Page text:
And this is happening. Physiotherapists are showing their true colours: problem solving, adapting, innovating, seizing opportunities and making things happen. Over the next few pages, we will share examples of how some teams are working differently to offer placements, look at where placements can happen, and we challenge some of the thinking about what is a placement.
Models of supervision
The CSP promotes the use of a variety of models of student supervision when facilitating practice based learning. Peer-assisted learning, learning within interprofessional teams, long-arm supervision and multiple student-to-educator models are encouraged and need to become part of normal practice and education.
We’re doing our bit too here at the CSP. We are offering four placements using a peer leaning, multiple supervision model. We don’t expect it to be easy but we have great learning opportunities to offer.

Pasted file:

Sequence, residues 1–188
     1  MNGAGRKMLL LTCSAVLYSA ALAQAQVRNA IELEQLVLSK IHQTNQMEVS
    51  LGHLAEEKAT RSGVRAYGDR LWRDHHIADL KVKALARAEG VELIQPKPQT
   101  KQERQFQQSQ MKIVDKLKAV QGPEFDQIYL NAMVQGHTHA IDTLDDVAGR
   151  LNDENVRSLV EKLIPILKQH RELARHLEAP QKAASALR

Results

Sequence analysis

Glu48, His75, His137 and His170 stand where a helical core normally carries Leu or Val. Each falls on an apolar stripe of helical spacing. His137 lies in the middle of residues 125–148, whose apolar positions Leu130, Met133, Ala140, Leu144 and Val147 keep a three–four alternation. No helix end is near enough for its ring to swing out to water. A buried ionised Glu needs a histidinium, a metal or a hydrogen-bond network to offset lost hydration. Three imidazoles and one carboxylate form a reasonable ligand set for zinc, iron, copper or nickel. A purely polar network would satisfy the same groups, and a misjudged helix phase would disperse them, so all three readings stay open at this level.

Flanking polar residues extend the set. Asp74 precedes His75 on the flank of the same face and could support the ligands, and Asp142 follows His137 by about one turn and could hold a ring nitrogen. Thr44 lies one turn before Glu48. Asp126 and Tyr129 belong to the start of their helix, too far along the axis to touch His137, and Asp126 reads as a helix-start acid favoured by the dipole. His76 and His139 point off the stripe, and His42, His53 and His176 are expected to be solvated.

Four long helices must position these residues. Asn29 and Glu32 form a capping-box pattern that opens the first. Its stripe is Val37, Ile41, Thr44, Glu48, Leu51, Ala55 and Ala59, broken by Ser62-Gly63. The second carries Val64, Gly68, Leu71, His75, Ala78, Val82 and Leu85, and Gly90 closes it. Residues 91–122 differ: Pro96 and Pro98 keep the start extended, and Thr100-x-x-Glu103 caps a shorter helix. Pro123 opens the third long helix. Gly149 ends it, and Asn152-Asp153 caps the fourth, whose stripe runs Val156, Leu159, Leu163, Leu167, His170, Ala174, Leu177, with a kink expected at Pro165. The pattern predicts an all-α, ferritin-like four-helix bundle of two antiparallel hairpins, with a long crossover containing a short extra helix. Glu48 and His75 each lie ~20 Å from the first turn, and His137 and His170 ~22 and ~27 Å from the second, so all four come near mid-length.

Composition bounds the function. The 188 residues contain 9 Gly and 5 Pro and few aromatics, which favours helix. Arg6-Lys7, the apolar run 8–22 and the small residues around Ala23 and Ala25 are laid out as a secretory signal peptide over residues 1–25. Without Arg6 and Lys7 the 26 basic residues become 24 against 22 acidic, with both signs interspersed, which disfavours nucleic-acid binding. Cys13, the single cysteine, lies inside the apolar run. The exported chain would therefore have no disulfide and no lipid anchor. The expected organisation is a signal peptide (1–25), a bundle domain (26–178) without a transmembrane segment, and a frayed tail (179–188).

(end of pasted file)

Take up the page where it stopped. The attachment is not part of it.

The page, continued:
In the recent past, the traditional one-to-one supervision model has generally been the preferred method of education but we now need to think differently about all aspects of delivering healthcare.
Many providers have been using alternative supervision models for years and have shown that students can benefit from them. It is imperative however, that students, educators and the wider team are supported appropriately.
The University of East Anglia team is one example of successful implementation of an alternative supervision model in order to adapt their placements to pandemic constraints.